funds to retain counsel. Standard of Review Generally, an appellate court reviews a trial court’s decision to grant or deny relief on a writ of habeas corpus under an abuse of discretion standard of review. Sandifer v. State, 233 S.W.3d 1, 2 (Tex. App.—Houston [1st Dist.] 2007, no pet.) (citing Ex parte Ayers, 921 S.W.2d 438, 440 (Tex. App.—Houston [1st Dist.] 1996, no pet.)). In reviewing the trial court’s decision to grant or deny habeas corpus relief, we view the evidence in the light most favorable to the trial court’s ruling. Id. (citing Ex parte Masonheimer, 220 S.W.3d 494, 507 (Tex. Crim. App. 2007)). We afford almost total deference to the trial judge’s determination of historical facts supported by the record, especially when the fact findings are based on an evaluation of credibility and demeanor. Id. (citing Guzman v. State, 955 S.W.2d 85, 89 (Tex. Crim. App. 1997)). And we afford the same amount of deference to the trial judge’s rulings on applications of law to fact questions if the resolution of those ultimate questions turns on an evaluation of credibility and demeanor. Id. If the resolution of those ultimate questions turns on an application of legal standards, however, we review the determination de novo. Id. Analysis We agree with appellant that a defendant’s bond may not be revoked and then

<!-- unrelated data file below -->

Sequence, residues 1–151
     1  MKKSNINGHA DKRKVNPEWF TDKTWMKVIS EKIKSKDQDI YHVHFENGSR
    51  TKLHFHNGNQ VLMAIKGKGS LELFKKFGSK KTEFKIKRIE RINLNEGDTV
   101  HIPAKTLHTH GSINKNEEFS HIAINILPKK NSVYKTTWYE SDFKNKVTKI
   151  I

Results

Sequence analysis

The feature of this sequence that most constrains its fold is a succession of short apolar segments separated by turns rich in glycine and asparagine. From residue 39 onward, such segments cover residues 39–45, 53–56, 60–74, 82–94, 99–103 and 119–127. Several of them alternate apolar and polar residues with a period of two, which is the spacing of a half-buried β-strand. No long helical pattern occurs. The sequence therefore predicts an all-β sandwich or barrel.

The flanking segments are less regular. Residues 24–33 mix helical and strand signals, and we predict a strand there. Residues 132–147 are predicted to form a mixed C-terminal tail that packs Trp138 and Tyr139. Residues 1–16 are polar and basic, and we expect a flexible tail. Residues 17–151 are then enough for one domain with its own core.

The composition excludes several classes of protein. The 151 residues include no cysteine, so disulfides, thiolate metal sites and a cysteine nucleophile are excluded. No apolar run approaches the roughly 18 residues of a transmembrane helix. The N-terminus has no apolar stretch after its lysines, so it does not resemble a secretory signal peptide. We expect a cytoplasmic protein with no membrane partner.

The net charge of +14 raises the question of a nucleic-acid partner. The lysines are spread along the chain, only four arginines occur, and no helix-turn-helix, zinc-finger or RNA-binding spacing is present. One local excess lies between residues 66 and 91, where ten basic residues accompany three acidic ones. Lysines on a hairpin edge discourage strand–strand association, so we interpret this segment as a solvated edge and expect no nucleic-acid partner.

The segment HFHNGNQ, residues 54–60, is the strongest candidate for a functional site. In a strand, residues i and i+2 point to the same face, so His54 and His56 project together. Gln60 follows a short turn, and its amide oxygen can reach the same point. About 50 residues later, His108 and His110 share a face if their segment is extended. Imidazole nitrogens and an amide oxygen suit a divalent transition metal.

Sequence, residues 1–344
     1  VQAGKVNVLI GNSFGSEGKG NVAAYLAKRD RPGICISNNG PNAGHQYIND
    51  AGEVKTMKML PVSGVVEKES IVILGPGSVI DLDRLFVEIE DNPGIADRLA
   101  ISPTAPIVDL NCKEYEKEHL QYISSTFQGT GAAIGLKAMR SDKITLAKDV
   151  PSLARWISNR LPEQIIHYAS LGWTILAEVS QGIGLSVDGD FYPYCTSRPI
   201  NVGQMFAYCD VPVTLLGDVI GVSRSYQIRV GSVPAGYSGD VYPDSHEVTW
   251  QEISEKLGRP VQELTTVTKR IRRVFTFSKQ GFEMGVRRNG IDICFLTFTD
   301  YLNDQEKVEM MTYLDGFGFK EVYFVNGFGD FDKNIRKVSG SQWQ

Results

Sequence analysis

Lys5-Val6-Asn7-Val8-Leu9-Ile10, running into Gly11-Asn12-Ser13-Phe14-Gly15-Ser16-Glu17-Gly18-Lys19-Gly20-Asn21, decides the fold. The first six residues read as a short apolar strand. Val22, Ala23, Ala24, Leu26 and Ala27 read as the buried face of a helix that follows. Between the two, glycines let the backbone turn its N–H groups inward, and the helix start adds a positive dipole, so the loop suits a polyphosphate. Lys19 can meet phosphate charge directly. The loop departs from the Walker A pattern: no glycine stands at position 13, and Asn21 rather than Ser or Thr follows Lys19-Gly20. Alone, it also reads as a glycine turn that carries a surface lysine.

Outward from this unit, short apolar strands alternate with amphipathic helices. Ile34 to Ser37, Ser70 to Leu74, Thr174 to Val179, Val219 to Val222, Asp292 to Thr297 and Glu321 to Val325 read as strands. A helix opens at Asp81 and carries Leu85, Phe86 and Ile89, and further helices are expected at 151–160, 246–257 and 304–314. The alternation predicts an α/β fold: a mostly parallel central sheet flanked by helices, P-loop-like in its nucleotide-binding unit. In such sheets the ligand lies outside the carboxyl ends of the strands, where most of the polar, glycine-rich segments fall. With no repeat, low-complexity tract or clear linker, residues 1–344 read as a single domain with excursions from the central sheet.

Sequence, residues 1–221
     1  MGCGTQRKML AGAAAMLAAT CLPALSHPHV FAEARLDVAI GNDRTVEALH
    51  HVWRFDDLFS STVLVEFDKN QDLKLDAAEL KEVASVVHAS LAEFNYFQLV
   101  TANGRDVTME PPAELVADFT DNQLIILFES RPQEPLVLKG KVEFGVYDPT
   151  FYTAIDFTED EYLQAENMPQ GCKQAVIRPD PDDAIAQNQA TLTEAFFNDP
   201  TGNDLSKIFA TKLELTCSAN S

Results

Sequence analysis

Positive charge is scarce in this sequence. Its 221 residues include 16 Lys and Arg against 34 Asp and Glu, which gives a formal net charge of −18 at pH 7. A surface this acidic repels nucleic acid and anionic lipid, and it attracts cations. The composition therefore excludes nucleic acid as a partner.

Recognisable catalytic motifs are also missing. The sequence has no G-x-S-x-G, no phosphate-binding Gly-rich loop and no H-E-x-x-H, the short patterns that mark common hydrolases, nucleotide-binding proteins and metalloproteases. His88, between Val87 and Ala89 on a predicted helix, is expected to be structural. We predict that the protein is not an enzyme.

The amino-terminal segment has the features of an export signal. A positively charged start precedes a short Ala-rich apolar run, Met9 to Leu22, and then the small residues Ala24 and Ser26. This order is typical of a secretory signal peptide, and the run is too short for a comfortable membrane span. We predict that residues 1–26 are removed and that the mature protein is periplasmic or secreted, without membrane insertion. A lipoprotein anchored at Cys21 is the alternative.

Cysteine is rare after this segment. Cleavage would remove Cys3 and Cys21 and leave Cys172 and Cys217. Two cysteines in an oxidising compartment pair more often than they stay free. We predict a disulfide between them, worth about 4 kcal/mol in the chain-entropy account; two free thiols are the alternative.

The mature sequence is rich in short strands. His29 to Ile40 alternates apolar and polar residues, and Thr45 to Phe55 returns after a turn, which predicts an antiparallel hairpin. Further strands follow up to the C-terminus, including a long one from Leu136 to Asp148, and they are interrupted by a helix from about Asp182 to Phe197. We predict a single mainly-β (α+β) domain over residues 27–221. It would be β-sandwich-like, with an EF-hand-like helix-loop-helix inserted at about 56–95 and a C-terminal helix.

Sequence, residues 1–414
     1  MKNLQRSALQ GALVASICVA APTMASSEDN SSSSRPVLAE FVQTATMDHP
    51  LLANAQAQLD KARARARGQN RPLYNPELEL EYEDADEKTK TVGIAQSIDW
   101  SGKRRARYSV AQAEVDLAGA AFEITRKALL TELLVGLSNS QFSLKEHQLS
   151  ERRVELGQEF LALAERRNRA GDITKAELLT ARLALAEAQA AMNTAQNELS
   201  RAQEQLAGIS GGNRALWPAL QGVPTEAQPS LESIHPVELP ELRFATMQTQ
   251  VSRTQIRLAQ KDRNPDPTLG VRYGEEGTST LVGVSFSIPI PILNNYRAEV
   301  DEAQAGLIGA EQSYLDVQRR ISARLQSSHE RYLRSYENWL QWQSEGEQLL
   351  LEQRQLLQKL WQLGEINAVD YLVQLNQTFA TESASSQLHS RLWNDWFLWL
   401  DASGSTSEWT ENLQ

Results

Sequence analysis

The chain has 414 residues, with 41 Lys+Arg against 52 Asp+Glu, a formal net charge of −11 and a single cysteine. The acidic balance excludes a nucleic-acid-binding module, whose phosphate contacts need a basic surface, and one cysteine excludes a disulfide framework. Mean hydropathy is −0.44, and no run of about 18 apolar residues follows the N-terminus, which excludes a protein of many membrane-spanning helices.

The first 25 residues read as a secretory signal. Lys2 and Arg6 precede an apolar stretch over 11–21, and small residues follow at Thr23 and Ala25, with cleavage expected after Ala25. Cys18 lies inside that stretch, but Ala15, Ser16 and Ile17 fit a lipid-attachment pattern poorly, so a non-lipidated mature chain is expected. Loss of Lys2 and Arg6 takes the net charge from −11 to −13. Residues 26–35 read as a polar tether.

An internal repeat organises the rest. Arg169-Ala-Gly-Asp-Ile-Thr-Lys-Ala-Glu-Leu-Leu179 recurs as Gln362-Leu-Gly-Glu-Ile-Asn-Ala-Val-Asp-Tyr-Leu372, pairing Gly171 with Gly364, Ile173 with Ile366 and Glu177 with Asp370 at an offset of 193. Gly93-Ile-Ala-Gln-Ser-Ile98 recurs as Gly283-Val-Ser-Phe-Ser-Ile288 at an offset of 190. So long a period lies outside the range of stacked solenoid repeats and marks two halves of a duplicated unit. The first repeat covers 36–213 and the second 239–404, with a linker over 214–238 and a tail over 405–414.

increased because a defendant has failed to retain an attorney. See Meador v. State, 780 S.W.2d 836, 837 (Tex. App.—Houston [14th Dist.] 1989, no pet.). We disagree with appellant that this accurately describes what occurred in this case. The record reflects that appellant’s trial setting was delayed several times due to appellant’s representations to the trial court that he needed time to find counsel. The record further reflects that Judge Bacon revoked appellant’s bond because he was engaging in the dilatory tactic of misrepresenting to the trial court his efforts to retain counsel. The record does not reflect that appellant’s bond was revoked simply because appellant did not have counsel or because he was indigent, as appellant contends on appeal. This is not to say that it is appropriate for a trial court to revoke bond for the reasons underlying the revocation in this case. As concluded by the trial court at the habeas hearing, this is “certainly . . . not a situation where [appellant] should be held without bond.” The question that we must answer is whether the trial court abused its discretion by denying appellant’s habeas request to reinstate the $30,000 bond and by increasing the bond to $50,000. Code of Criminal Procedure Article 17.09, section 3, provides that the judge, in whose court an action is pending, may,“for any other good and sufficient cause,” require a defendant to give another bond in such amount as the judge “may deem